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Steps in Editing Blank Superbill Templates on Windows

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PDF Editor FAQ

What would be better to train in to work from home: medical billing or medical transcription?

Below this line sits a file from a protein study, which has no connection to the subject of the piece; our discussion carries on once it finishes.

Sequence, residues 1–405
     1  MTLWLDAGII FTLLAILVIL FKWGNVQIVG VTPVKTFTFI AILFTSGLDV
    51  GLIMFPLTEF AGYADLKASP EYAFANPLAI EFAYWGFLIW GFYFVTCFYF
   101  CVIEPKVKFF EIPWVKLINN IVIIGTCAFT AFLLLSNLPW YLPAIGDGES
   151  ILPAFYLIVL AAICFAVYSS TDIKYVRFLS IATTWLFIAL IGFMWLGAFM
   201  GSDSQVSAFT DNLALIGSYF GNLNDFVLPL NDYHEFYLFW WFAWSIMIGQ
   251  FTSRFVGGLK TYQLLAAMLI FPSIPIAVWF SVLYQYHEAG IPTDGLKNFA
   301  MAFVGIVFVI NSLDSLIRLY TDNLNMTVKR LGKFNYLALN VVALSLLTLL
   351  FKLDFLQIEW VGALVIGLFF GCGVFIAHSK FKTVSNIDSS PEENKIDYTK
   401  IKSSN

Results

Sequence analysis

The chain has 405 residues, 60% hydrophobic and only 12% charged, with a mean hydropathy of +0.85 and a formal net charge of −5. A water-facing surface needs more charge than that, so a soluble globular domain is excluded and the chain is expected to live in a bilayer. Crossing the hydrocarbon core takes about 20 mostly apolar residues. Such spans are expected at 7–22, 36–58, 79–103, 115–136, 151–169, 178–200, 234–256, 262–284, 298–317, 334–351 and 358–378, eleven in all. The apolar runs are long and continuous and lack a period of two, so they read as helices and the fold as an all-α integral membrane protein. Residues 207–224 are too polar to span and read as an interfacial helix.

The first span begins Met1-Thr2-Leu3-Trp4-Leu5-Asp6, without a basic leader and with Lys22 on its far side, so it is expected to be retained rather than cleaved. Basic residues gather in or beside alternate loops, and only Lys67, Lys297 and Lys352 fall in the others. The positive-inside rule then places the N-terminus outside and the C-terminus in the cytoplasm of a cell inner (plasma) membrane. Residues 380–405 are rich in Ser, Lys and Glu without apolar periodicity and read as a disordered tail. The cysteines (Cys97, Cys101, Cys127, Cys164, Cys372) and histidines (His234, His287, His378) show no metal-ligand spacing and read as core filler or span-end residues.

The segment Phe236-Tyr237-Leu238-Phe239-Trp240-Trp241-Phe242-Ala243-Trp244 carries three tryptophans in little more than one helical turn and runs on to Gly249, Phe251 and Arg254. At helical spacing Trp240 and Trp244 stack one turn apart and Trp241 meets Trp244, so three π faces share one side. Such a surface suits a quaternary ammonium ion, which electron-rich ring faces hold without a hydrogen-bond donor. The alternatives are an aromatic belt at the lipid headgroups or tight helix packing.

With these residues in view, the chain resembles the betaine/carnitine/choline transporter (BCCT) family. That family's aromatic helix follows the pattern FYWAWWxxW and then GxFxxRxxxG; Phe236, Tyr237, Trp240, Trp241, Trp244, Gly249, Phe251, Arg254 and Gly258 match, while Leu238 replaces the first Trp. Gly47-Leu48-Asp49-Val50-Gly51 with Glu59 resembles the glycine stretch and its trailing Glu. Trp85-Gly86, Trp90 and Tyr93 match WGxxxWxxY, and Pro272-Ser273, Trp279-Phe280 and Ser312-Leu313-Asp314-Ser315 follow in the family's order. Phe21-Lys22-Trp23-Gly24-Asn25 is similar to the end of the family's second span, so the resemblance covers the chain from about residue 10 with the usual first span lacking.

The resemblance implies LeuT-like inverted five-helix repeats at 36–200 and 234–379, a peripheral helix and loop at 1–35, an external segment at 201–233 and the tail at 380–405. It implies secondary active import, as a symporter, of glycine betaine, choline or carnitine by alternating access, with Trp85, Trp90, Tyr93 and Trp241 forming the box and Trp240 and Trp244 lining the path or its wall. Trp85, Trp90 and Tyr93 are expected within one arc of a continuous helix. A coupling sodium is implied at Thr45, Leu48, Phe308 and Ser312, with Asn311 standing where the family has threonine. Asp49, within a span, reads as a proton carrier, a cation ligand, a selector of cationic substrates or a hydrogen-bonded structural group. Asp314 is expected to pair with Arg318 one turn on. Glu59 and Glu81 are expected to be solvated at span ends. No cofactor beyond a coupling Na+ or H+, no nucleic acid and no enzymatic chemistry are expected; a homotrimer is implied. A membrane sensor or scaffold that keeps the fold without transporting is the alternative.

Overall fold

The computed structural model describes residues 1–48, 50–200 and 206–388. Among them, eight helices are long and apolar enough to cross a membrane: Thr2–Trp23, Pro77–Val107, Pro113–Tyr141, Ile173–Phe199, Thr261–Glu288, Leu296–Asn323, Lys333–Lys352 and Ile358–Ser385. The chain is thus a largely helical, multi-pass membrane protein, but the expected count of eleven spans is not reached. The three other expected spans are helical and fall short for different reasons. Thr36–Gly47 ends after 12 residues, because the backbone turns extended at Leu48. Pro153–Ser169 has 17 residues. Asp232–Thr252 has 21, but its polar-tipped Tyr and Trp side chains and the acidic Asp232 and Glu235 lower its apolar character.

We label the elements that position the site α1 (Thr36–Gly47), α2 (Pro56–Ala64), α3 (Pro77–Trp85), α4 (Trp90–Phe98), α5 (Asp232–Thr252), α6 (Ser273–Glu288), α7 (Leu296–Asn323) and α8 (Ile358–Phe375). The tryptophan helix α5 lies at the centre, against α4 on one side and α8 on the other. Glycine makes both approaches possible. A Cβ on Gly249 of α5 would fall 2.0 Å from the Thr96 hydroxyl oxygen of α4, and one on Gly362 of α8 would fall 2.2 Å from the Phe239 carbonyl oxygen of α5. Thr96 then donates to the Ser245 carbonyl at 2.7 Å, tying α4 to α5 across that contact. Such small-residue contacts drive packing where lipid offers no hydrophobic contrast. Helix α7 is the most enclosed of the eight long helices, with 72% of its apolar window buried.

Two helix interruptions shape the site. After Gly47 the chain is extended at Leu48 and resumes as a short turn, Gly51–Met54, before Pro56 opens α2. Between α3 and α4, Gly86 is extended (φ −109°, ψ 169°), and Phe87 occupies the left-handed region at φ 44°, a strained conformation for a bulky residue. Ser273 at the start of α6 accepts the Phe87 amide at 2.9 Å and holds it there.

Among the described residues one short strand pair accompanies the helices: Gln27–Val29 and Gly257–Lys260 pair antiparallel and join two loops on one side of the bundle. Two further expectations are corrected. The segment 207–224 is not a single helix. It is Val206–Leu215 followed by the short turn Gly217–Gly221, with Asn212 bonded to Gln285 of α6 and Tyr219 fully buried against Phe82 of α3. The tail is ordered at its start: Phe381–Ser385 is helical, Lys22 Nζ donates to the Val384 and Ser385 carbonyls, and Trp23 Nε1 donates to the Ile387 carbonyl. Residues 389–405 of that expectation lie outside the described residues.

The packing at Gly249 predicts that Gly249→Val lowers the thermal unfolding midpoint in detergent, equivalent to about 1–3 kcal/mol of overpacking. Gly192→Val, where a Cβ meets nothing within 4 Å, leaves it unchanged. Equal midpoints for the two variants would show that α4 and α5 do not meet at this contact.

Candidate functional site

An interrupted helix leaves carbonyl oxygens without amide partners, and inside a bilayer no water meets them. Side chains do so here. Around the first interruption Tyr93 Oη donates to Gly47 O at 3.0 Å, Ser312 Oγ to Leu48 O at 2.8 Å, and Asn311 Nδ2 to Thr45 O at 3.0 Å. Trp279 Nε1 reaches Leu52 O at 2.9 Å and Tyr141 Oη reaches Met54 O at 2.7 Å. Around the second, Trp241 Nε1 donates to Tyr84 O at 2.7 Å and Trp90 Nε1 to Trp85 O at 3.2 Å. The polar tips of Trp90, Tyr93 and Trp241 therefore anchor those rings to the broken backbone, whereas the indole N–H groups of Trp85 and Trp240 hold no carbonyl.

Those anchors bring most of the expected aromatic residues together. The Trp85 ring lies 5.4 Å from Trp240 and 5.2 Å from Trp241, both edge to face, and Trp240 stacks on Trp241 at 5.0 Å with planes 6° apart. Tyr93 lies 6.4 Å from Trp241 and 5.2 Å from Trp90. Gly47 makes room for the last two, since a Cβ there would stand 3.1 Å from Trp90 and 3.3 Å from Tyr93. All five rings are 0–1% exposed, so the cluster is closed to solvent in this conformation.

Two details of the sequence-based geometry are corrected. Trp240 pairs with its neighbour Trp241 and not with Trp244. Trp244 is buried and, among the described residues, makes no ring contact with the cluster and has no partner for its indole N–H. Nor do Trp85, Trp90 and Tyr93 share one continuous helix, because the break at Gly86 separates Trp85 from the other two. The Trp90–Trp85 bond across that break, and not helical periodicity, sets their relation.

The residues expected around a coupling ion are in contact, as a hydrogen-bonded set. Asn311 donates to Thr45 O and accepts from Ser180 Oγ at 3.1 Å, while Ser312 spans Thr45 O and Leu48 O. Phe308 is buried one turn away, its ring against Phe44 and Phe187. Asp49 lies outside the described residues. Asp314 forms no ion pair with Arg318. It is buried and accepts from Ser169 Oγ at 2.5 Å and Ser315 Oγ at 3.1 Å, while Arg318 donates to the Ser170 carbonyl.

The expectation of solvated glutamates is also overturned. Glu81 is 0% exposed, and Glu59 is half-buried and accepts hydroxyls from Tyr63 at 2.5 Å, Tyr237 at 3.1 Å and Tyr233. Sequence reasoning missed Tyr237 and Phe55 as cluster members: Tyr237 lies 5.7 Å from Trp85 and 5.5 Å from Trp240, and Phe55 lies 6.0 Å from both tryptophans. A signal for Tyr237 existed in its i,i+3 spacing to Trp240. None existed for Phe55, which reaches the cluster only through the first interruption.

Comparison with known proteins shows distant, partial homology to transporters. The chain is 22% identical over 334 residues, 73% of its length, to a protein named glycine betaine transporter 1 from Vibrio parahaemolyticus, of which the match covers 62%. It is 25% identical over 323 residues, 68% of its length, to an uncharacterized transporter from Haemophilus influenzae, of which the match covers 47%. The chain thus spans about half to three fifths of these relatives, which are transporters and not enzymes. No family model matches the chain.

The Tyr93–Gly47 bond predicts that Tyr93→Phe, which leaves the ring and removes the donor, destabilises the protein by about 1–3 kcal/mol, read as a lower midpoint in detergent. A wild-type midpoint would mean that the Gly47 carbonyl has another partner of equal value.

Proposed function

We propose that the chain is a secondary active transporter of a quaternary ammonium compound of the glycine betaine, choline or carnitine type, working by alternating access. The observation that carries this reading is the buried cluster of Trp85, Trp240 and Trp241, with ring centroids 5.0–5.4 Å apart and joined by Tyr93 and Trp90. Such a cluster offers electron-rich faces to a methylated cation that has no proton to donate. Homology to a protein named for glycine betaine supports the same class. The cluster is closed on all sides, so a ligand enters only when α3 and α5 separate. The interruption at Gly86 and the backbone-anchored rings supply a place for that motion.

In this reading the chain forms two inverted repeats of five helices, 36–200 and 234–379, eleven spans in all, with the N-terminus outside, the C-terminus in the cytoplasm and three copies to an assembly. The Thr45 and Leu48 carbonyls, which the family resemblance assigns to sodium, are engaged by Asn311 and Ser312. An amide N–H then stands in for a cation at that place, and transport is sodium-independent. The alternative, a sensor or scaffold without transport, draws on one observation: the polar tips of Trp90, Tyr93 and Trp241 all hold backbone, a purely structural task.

Ah, the question for a generation of back-office anal-retentive types with a technomedical bent and at least a high school diploma or GED (maybe an MFA and a part-time studio), or an empty nest, or Veterans' benefits and a vague idea of what to use them on instead of 4 years of college.If you had asked me this question even 10 years ago, I would have been much more in favor of recommending medical transcription. However, now that we have the mandatory Electronic Health Record being completed in doctors’ offices by any number of staff who may have little or no transcription or clerical background, and who may actually be health caregivers (like nurse's aides who take your vitals and then must start typing, and who have been drafted into the position of noting what the patient says before the doctor sees them), I would have to say that from a job longevity point of view, medical billing and coding is likely the wiser option in which to specialize.Many seasoned hospital medical transcriptionists (MTs) were displaced by the advent of the EHR. Some managed to become EHR “scribes”, while others faded into various secretarial jobs and left their medical specialization to the four winds. Then too, many MTs took insurance and math refreshers and crash courses and moved into billing/coding and charge data entry. And many others just took the whole curriculum along with the first-timers, despite significant redundancy.It has often been said that former medical transcriptionists make the best billers and coders because they understand what the procedures, studies and interventions mean in the context of the particular patient's healthcare situation, because they used to type it.Both jobs require the ability to see all the little pictures that make up the big picture. There are certain inalienable, un-fake-able skills, and then there is the need to be able to assemble puzzles in which pieces are missing.Facts: People will always pay good money for someone who can get them more money. People will also always value highly those people who can catch their errors and keep them out of trouble. And finally, people will always gladly pay other people who make them look good. Perhaps the first situation results in priority being given to a gifted Superbiller over an MT (medical transcriptionist), creator of error-free medical documents that meet HIPAA and JCAHO specs. In many ways a lot of your marketability depends on the value placed on it by the doctor, hospital or agency who hires you, or doesn't.However, as with any career, to succeed and be happy, you need to take into consideration your own personal interests, skills and preferences: for example, whether you like working with composition and grammar, are willing to research discrepant vocabulary and have an ear for accents, versus whether you like working with schedules and figures, have a good mind for business math, can make order out of chaos and can follow complicated decision trees.Are you more like a technical writer or an accountant? More of a librarian or a paralegal? Neither of these jobs is the same as a medical transcriptionist versus a medical billing and coding specialist, but they each draw on certain personal proclivities or talents, respectively.In either position you are going to have to have a strong background in the language of medicine — not just how to spell it but what it means, why things are combined that way, and how various partial forms fit together to give you clues as to the final answer — because you must not forget that there are real people at the end of the paper trail.As well, you must keep up to date with industry and governmental standards and regulations to do a professional job. Your work can end up in Court and can help speak for a patient who is in the grave.You are always going to have to be a ready reference book-flipper, ready to take down the right 10-pound reference book or use the right search software whenever you have a suspicion of a question, because you can't just guess and yet you can't leave blanks, and yet, you have to work fast.You have to be detail-oriented, and you are going to have to be able to put up with finding other people's mistakes and correcting or flagging them without getting resentful, because the ultimate goals are that the patient receive the proper care and that the physician receive the proper protection and compensation. Otherwise you are out.You will want to look into how long your formal training will take and how much practicum or supervision as a rookie/ ”newbie” you will have to undergo before you can start making any livable money. And once you complete school, what is the job market going to be like?Talk to people who have been doing the work that interests you for awhile and see how long it took them before they started making the money that they needed to live on, because there is quite a learning curve for both jobs and you will not make good money right away. You need to build speed, accuracy, intuition and confidence. Survey the industry for each job and see who is hiring, what kind of reputation and retention they have, and under what circumstances they give raises, if ever, or if you just have to create your own raise by getting faster and faster at cranking it out.Would you be a person who wanted to work at home or a person happiest in an office? Both fields can offer both settings. Both take a lot of discipline. At home you will be essentially unsupervised, plus/minus phone calls or emails, but conversely you may have fewer distractions and greater productivity.Will working in your home environment help you or hurt you?Note, here I must debunk an odiously deceptive, famous magazine advertisement for an MT program which shows a glowing woman dressed in a demure business suit (I've never seen a working MT or a biller/coder in a business suit anywhere), typing blissfully at home with a baby balanced on her lap and a drooling toddler wrapped around her leg (one of which feet should have been planted on the transcriber foot pedal) and with no earphones playing back dictation for her to transcribe. It looks like the easiest job in the world to do from home.OK. (A) You can't transcribe with your arms around a baby. You can't even reach the keyboard. (B) You can't hear the dictation in your earphones around the screams of a teething toddler. (C) Good luck keeping your painstakingly sorted invoices in chronological order around two grabby little kids who are equally capable of deleting a whole morning's work. (D) True, if you work graveyard shift at home, and you do manage to wake up at 11:00pm, no one knows or cares if you're in your nightgown, but odds are the baby will spit up on it or otherwise pull you away from the STAT Trauma Alert H&P's that the doctor is waiting for you to finish so he can go home. (E) You have to pay nominal attention to the work, or at least wear earphones, and at least look at it. You just do. (F) That mythical Jackie Kennedy-era business suit bears repeating. I always transcribed barefoot, and I am not the only one nor do I imagine billets and coders are much different. Your legs may swell at the 10-hour mark.In both jobs, your hands, eyes, legs and back will take a beating and you will find that such sedentary work comes with its own kind of wear and tear. You can't do it forever. Right about the time you're getting good, fast and accurate (profitable), you start needing breaks, which bring things to a halt. Thus would you begin looking for potential advancement into a managerial, training or supervisory role still using your expertise, or would you rather just get better and faster at your job, create boilerplate routines and templates, and keep your head down in your original position, producing specialized sets of documents and making hay while the sun shines, until you burn out?Consider whether you would want to be paid by the week, the hour, something like draw-against-commission, or piecework-production such as by the line of text or the chart or the bundle of charge data tickets coded and input? When you work at home and are not on production, there is an element of the honor system implied. You can't make any money if you go get coffee after each report.Medical transcription has gone through several waves, each time changing with evolving technology and now with legislative and insurance requirements.When I first transcribed, we used looped magnetic belts for dictation, 5 sets of carbons with matching white-out colors, and electric (but not Selectric) typewriters. The last time I transcribed, I was correcting voice recognition documents generated for heavily accented dictators in oncology…lots of chemicals…filling in blanks and sending feedback. Each document was handled by at least four “re-listeners” before it was finished.Similarly, medical billing and coding have left pegboard and ICD-9-CM behind in an effort to keep pace with technological and pharmaceutical advances, software systems, automated diagnostic schedules, which have all become obsolete while I was writing this answer.This “evolution” will continue to happen as long as government agencies and private payors are involved in health care regulation. Don't blink — you might miss the newest generation.In many ways career choice is a tossup. No one can foretell the future. You can only search yourself and try and find the best fit. In my opinion, experience with medical transcription and with medical billing/coding should be recognized as having overlap, just as accounts receivable overlaps payables, or human resources overlaps payroll and benefits. Everybody doesn't have to share the same room, but they should be on the same floor, in my opinion. And the people in these rooms have to possess the focus and willpower to sit in their chairs and work, with or without visible supervision.My best practical suggestion in terms of career choice is that you talk to some people who are doing the job(s) that interest you now. Either way, you're going to need your medical core curriculum and to know your way around the software (although some is proprietary, so you have to be a versatile quick study). Next you can decide whether you lean more toward language or toward math. People with on-the-job experience can tell you what the schools and employers won't say about real-life work in those capacities. They will tell you how reliable the employers are, the tricks that they pull (and there are a few), who gets the lucrative accounts and how, whether there is plenty of work, the little aggravations that can add up to the one big one, and what you can do to get national accreditation, which will help you make more money for the same or more challenging/regulated work product.The final question, whether to work at home or in an office, really should be the final question, after you have answered everything else.A few considerations when working at home regardless of which career you take:What will you have to invest to get your home work space ready for efficient work? Will it be dedicated and secure space, inaccessible to the family? How will you insure it (with insurance) and ensure the safety and confidentiality of your work? What will having the home office do to your taxes, both property and income? Will you be an employee or an independent contractor? Do you need an occupational license? Is your zoning affected? Is your work safe from the explorations of your pets? How will you receive and return your work?How much of your work day will be unpaid? Will you be printing, proofing, figuring charges, invoicing clients, keeping your own payroll records, making free corrections and reprints, archiving? Will you be expected/allowed to talk to the client and solve problems, and will they be calling you at home for favors? What if you're on graveyard and they call you in the afternoons when you're trying to sleep? What happens if you have an equipment malfunction, a personnel question, a virus, a hurricane and a power outage?What if there is a work shortage and those without seniority are told to log off? What if this happens every day, halfway into the shift, and cuts your paycheck in two? What if you have to spend an hour in the car, unpaid, each day, scrounging for somebody else's overflow?How permanent is your schedule? How often will you have to change accounts — just when you have finally gotten a system organized which allows you to make some money on it? Will you get the same pay, be allowed to abide by the same personnel policies and benefits, and be evaluated in the same way as your non-office-based counterparts? Will you be kept in the loop about matters that are shared routinely with in-office staff, so that you feel like a member of the company? Or are you going to be the uncounted “red-headed stepchild,” out of sight and out of mind?These are to name just a few. Weigh them against the lack of a rush hour commute and working in your fuzzy slippers.To advance yourself essentially while working in isolation, and to see other human beings sometimes, it helps to see if there is a branch of a professional association nearby where you can network and find out about continuing medical education, conferences, testing, shadowing, help desk, and other experiences of MT/billing/coding culture that you would want to have if you decided to be certified. (Please don't forget to factor in the costs of both education and ongoing educational materials.)Note, it is the kiss of death to approach a company with your decent keyboarding speed but no medical terminology background, just the confidence that you will “pick it up.” This is belittling to everyone who jumped through the expensive hoops at community college and studied and paid their dues. It suggests you will be a guesser, which is a liability. Occasionally a small office will take you on — for no pay — calling you a “proofreader.” But this is risky for them given confidentiality and financial laws.These two fields are both constantly changing, and the reference materials change right along with them. You should expect to be spending money all the time to build and maintain a library of current references. There are also dues to professional organizations, and they are steep but worth it in order to network and to stay competitive/marketable.All that having been said, I would encourage you to pursue both fields with an open mind as you are mastering the medical curriculum, and, with an awareness of yourself and your personality, to be thinking about where you are going to end up. If you can, undergo vocational aptitude testing and/or talk to some technical training advisors, or even find a mentor with years of experience in the job that instinctively appeals to you the most. If you know someone who is working but still has their textbooks, look them over and see if they put you to sleep or fascinate you.It used to be that you had to be able to type uber-fast and uber-accurately, or be hell on wheels at the 10-key and adding machine (yes, we called it that), and have a big red medical dictionary or a diagnostic coding manual or know where you could lay hands on one. Nowadays every 8-year-old with a computer can enter data as if they were attached to the cursor at their fingertips.. Working at home adds the handicap of facelessness. To have a future, you have to distinguish yourself in all aspects of the job. And even though you work at home in your jammies in the middle of the night, and even if you have a supervisor who knows you and your performance, you will Occasionally have to manage to get along with similarly clad co-workers. Some at-home staff really like the isolation, but others have a hard time reconciling the social aspect of the job; and some employers prohibit home workers from talking to each other, supposedly in the interest of productivity.You always have to make an absolute commitment to preserving patient/ physician confidentiality, and nowhere is this more apparent than when you work from home. Patients' experiences and doctor's reactions or offhand comments can sometimes be shocking and seem just to beg to be shared. Sometimes it's shockingly upsetting, sometimes it's funny, and sometimes it's just too weird not to repeat. But chatterboxes who think this would present too great a temptation should just walk away now. The rule is to type, bill it or code it, and then forget you ever saw it.. If a copy of the finished work needs to be saved for teaching or reference purposes, because you know that otherwise the same hellishly confounding questions will come up again, and next time, it shouldn't take two hours to finish, then all identifying data must be redacted so that it is a blank template. Again, this is especially important when it comes to the curious eyes of other household members when you work at home.l.Both jobs, MT and billing/coding, are nerve-wracking, back-breaking, tooth- grinding, eye-squinting, sometimes mind-numbing work, with all manner of characters and personalities drawn to it, from frustrated doctor-wannabes to shortcut-taking clerical types whose eyes are on the paycheck. You receive minimal recognition, if any. In a lot of people's eyes, you are so much office equipment. You have to balance taking quiet pride in your skills against knowing your (low) place on the totem pole. That is just a reality that must be considered.However, both jobs are also still extremely gratifying when you know you are giving exacting professional people and trusting patients what they need because you do your job right.Whichever job you choose, and wherever you choose to do it, you can make a decent, secure-(ish), honorable living at it if you keep your fingers moving, your eyes on the prize, and your personal standards high. Good luck.